At face value, the UK’s much-anticipated National Security and Investment Act marks a step-change in its approach to foreign buyers. In reality, overseas demand should continue to translate into strong deal activity in the months and years ahead.
The act – which came into effect last week – extends the government’s powers to block mergers and acquisitions on national security grounds. It brings the UK in line with its peers by mimicking the Committee on Foreign Investment in the US, which has existed for years, and the European Union’s foreign direct investment regime, which became fully applicable for each member state in late 2020.
Notably, the UK’s incarnation is more aggressive and far-reaching. Non-compliance could result in hefty fines and imprisonment of up to five years; the rules may extend to acquisitions that are part of a corporate restructure or reorganisation; and restrictions apply equally to both domestic and overseas investors.
The act’s impact so far appears to have been muted. Its requirements are not expected to dissuade investors and are generally viewed as just another regulatory hurdle for sophisticated buyers to factor into their strategies, Jason Hungerford, a London-based partner at Mayer Brown, tells Private Equity International.
What’s more, buyers and sellers have had a relatively long lead time since the act was unveiled in November 2020. Most parties for which this could have been relevant have at least thought about its application and already had varying degrees of informal engagement with the government, Neil Hoolihan, a counsel at Linklaters, notes.
Make no mistake: the act will pose difficulties to certain investors targeting sensitive sectors. Like its peers, the UK government likely had China front of mind when developing this legislation and it has acted on such concerns before, announcing in 2020 that UK mobile providers must also remove all of Huawei’s 5G equipment from their networks by 2027.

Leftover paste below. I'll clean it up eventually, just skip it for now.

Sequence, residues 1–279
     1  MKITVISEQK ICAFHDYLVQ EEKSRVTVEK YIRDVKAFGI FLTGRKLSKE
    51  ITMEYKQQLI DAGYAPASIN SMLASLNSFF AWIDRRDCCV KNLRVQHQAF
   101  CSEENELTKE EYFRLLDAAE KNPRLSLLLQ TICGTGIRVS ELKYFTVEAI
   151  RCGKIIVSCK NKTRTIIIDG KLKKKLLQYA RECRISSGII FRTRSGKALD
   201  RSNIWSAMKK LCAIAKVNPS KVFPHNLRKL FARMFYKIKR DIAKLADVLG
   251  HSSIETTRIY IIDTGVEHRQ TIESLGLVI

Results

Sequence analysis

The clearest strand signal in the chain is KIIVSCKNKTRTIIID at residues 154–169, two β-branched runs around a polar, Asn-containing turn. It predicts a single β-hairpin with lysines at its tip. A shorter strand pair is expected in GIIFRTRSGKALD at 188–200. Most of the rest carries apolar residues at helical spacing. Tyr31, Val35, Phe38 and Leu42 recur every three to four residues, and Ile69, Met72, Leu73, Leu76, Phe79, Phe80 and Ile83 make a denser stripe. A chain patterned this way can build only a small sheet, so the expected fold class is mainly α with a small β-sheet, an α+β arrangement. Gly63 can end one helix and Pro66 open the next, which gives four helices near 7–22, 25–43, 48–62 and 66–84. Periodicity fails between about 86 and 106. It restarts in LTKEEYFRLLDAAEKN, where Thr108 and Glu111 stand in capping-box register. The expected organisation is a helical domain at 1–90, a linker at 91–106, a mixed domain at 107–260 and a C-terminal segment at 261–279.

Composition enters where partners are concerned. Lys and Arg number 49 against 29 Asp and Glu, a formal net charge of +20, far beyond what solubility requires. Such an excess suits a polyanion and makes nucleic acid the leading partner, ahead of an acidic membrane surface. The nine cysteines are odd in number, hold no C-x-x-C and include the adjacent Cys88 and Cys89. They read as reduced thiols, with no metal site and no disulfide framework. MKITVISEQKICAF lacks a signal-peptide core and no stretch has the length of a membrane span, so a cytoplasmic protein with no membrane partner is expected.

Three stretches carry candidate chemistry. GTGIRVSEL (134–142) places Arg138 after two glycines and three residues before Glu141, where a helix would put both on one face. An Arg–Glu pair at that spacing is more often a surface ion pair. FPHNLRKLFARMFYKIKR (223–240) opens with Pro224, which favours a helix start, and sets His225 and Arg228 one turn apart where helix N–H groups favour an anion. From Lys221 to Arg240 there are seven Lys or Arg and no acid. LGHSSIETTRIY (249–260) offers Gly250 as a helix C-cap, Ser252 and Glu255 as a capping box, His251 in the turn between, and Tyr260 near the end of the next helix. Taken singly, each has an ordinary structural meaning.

The move comes at a time when the UK government has made foreign investment an important pillar of Boris Johnson’s “levelling up” agenda.
Rampant overseas appetites for UK assets in 2021 helped drive private equity activity to a record high last year, according to the Centre for Private Equity and MBO Research. Some £29.9 billion ($40.6 billion; €35.8 billion) of the £45.8 billion invested came from 12 transactions valued at more than £1 billion, including Clayton, Dubilier & Rice’s £7.1 billion acquisition of supermarket chain WM Morrison. PEI explored the factors driving this activity in our latest Deep Dive.
This dynamic may be partly why the NSI Act was deemed necessary – after all, open the floodgates too wide and who knows what might come through. Sellers will now be looking more closely at the profile of acquirers, especially those with links to politically sensitive governments, and the knock-on effects on deal timing, deal certainty risk and costs for these (albeit limited) cases should not be underestimated.
Still, the UK – especially post-Brexit – has been clear to stress that it remains open for business. The government is unlikely to jeopardise that message by appearing outwardly hostile or unhelpful to a swathe of foreign buyers.